By now most people know that Yellowstone National Park lies on top of a massive supervolcano which has the potential to unleash a planet-altering eruption. However a team of researchers from the University of Utah just discovered that the volcano’s magma chamber is about 2.5 times bigger than earlier believed. It is estimated to be over 55 miles in length, containing over 200-600 cubic km of molten rock.

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The Utah team is expected to present their findings at the American Geophysical Union Fall Meeting in San Francisco, where they will outline how, if the volcano ever erupts, the results would be catastrophic for the world. Speaking to BBC News, Prof Bob Smith said: “We’ve always thought it would be bigger… but this finding is astounding.”

The team mapped the magma chamber using a network of seismometers that were situated around the park. Dr Jamie Farrell, from the University of Utah, said: “We record earthquakes in and around Yellowstone, and we measure the seismic waves as they travel through the ground. “The waves travel slower through hot and partially molten material… with this, we can measure what’s beneath.”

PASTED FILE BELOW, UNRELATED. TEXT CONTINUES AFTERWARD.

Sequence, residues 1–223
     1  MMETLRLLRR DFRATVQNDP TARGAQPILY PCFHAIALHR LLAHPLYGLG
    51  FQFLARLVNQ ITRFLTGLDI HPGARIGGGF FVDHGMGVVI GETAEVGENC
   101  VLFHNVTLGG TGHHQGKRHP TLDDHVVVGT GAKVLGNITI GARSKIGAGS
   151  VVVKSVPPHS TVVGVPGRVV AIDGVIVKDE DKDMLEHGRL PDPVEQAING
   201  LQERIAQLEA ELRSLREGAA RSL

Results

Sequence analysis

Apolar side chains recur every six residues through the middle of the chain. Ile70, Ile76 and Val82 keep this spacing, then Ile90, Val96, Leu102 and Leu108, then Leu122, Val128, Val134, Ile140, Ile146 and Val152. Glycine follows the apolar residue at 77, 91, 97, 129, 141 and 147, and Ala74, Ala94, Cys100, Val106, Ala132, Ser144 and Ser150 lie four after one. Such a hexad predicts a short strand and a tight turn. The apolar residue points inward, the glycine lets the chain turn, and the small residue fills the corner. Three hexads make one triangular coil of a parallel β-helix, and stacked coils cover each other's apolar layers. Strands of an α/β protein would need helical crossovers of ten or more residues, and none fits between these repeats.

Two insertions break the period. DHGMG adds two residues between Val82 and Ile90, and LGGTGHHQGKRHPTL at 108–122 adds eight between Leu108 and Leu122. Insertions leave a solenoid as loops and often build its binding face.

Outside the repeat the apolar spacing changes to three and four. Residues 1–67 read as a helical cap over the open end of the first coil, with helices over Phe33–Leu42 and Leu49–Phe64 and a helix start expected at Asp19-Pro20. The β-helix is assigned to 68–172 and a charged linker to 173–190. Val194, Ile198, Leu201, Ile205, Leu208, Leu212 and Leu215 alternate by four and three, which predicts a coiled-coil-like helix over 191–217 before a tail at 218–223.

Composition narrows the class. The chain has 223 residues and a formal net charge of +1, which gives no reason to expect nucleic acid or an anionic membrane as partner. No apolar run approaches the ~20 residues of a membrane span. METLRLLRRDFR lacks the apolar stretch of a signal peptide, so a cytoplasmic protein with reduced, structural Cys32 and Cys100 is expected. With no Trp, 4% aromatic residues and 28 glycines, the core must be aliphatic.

The last major eruption, which occurred 640,000 years ago, sent ash across the whole of North America, affecting the planet’s climate. It is unclear when the Yellowstone supervolcano will erupt again, but scientists believe we are overdue for an eruption by 60,000 years. “You can only use the time between eruptions (to work out the frequency), so in a sense you only have two numbers to get to that 700,000 year figure,” Smith explained.

+ American Geophysical Union

Via BBC News